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Mainstream, VOL LX No 29, New Delhi, July 9, 2022

Dissident Voice of a ‘Foot Soldier of the Constitution’ | Arup Kumar Sen

Friday 8 July 2022, by Arup Kumar Sen

Very recently, the eminent human rights activist, Teesta Setalvad was arrested by the Gujarat Anti-Terrorist Squad (ATS) officials for “allegedly fabricating evidence, committing forgery and criminal conspiracy”. This happened a day after the Supreme Court dismissed a petition challenging the clean chit given by the Special Investigation Team (SIT) to Prime Minister Narendra Modi and 63 others in the 2002 Gujarat riots case”. (www.indiatoday.in)

In her memoir titled ‘Foot Soldier of the Constitution: A Memoir’, published in 2017, Teesta Setalvad observed: “The work in Gujarat for which people know me, Teesta Setalvad, did not just begin overnight. It did not begin out of nowhere. It grew from a lifetime of public interventions for accountability and justice. What has driven me is a much larger conviction — the need for India and our institutions to be just”. She also reflected on the trajectory of communal politics in India: “Part of the explanation for the palpable anti-Muslim sentiment in the 1990s can be found in the methodical work of the RSS and the Vishwa Hindu Parishad (VHP) from the 1980s onwards...Gujarat had been and remains critical to the RSS-VHP project of building a Hindu Rashtra”.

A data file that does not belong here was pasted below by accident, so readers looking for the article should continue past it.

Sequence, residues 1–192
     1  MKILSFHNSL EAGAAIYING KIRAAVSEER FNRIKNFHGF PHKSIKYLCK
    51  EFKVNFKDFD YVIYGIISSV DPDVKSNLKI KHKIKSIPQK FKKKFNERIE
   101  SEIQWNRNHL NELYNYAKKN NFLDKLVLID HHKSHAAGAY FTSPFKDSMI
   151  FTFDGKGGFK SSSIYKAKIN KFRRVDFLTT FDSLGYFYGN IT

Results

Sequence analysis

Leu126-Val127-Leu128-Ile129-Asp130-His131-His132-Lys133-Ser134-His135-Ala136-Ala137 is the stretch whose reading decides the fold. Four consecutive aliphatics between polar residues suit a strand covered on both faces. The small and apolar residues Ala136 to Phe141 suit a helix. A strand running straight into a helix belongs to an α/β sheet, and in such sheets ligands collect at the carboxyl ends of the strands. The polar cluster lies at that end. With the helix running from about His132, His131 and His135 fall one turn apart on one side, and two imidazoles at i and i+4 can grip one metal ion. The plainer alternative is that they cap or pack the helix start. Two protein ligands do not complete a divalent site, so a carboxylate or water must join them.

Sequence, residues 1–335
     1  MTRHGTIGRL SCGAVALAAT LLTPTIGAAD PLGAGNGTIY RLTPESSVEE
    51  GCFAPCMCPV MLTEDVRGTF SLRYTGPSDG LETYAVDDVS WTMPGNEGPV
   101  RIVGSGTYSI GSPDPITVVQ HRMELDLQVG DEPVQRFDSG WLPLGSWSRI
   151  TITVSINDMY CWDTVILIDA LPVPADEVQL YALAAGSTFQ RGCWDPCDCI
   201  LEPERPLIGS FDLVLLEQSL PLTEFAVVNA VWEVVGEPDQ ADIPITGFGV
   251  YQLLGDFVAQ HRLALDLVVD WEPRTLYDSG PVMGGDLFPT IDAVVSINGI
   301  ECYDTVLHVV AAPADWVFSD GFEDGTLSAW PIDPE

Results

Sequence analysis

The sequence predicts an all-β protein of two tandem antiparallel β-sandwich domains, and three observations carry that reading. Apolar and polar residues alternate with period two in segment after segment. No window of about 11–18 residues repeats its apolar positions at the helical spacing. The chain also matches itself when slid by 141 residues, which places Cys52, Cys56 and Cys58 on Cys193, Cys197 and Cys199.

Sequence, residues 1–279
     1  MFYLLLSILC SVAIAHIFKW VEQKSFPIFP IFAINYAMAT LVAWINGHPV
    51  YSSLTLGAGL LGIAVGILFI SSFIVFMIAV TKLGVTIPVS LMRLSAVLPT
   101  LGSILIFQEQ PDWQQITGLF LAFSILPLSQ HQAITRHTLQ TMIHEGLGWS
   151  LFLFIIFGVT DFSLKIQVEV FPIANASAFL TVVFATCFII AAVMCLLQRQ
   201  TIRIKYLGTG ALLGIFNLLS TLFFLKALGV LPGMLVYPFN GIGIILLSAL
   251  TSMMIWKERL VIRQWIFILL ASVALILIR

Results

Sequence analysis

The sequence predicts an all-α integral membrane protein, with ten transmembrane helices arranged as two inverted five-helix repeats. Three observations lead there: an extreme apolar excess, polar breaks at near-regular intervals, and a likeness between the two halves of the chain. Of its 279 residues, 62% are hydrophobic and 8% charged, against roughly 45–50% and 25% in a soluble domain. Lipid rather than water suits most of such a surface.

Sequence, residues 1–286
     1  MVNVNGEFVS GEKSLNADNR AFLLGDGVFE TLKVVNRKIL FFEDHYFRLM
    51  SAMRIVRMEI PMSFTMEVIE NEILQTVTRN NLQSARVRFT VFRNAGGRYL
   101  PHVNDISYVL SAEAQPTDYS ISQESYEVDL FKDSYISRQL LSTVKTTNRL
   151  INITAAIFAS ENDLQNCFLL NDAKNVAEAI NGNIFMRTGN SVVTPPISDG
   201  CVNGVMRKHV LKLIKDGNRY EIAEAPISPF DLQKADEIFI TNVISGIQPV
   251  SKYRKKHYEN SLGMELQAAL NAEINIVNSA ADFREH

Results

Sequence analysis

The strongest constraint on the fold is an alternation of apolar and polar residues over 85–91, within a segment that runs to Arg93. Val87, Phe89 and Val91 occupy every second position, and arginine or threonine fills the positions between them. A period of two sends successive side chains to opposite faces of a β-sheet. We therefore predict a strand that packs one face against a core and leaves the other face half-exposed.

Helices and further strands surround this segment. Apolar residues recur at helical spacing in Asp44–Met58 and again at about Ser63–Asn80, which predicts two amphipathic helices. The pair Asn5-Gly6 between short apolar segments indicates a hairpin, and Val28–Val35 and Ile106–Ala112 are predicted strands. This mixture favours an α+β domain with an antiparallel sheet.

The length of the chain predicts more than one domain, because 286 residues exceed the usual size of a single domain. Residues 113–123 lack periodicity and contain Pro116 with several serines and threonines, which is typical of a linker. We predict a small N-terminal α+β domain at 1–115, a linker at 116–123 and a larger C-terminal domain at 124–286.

After narrating the 2002 Gujarat carnage in her memoir, Setalvad observed:

That is the story of the Gujarat genocidal carnage. It transformed Gujarat. It also transformed me. As I said to a journalist interviewing me some years later, ‘it is not easy to be normal again’.

Teesta Setalvad expressed apprehensions of her arrest in the Memoir: “I was a target of this government, which was hell bent on my incarceration at any cost...The Government has — almost obsessively — sought to cut me down to size”.

Teesta Setalvad’s apprehension has come true. We don’t have the legal expertise to comment on the allegations against her. However, Giorgio Agamben’s theorization of State of Exception comes to our mind in the context of her arrest: “...modern totalitarianism can be defined as the establishment, by means of the state of exception, of a legal civil war that allows for the physical elimination not only of political adversaries but of entire categories of citizens who for some reason cannot be integrated into the political system”. (Giorgio Agamben, State of Exception, The University of Chicago Press, 2005)

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